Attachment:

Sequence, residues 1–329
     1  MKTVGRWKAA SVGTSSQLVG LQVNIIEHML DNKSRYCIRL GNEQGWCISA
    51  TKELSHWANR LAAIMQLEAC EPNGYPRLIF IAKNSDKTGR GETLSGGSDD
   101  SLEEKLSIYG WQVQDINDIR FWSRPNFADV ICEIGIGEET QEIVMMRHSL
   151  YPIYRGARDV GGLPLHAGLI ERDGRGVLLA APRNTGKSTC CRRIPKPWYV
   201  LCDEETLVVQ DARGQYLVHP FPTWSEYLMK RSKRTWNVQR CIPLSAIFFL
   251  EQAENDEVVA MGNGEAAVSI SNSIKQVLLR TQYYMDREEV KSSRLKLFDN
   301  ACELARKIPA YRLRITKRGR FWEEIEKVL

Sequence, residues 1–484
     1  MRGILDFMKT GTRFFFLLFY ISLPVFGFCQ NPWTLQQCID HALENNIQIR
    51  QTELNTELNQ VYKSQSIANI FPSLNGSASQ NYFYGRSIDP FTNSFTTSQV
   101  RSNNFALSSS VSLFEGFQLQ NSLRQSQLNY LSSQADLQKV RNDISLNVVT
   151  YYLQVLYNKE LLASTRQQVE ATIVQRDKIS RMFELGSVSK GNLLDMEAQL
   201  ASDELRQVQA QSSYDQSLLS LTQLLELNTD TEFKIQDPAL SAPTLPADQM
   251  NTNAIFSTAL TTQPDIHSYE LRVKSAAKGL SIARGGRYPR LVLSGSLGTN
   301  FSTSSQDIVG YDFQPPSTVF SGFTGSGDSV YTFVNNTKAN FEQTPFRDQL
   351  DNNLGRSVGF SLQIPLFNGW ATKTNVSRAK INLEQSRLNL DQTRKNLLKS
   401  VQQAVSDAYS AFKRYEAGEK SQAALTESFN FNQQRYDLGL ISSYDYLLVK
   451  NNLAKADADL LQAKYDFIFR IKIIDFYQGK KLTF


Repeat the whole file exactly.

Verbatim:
Sequence, residues 1–329
     1  MKTVGRWKAA SVGTSSQLVG LQVNIIEHML DNKSRYCIRL GNEQGWCISA
    51  TKELSHWANR LAAIMQLEAC EPNGYPRLIF IAKNSDKTGR GETLSGGSDD
   101  SLEEKLSIYG WQVQDINDIR FWSRPNFADV ICEIGIGEET QEIVMMRHSL
   151  YPIYRGARDV GGLPLHAGLI ERDGRGVLLA APRNTGKSTC CRRIPKPWYV
   201  LCDEETLVVQ DARGQYLVHP FPTWSEYLMK RSKRTWNVQR CIPLSAIFFL
   251  EQAENDEVVA MGNGEAAVSI SNSIKQVLLR TQYYMDREEV KSSRLKLFDN
   301  ACELARKIPA YRLRITKRGR FWEEIEKVL

Sequence, residues 1–484
     1  MRGILDFMKT GTRFFFLLFY ISLPVFGFCQ NPWTLQQCID HALENNIQIR
    51  QTELNTELNQ VYKSQSIANI FPSLNGSASQ NYFYGRSIDP FTNSFTTSQV
   101  RSNNFALSSS VSLFEGFQLQ NSLRQSQLNY LSSQADLQKV RNDISLNVVT
   151  YYLQVLYNKE LLASTRQQVE ATIVQRDKIS RMFELGSVSK GNLLDMEAQL
   201  ASDELRQVQA QSSYDQSLLS LTQLLELNTD TEFKIQDPAL SAPTLPADQM
   251  NTNAIFSTAL TTQPDIHSYE LRVKSAAKGL SIARGGRYPR LVLSGSLGTN
   301  FSTSSQDIVG YDFQPPSTVF SGFTGSGDSV YTFVNNTKAN FEQTPFRDQL
   351  DNNLGRSVGF SLQIPLFNGW ATKTNVSRAK INLEQSRLNL DQTRKNLLKS
   401  VQQAVSDAYS AFKRYEAGEK SQAALTESFN FNQQRYDLGL ISSYDYLLVK
   451  NNLAKADADL LQAKYDFIFR IKIIDFYQGK KLTF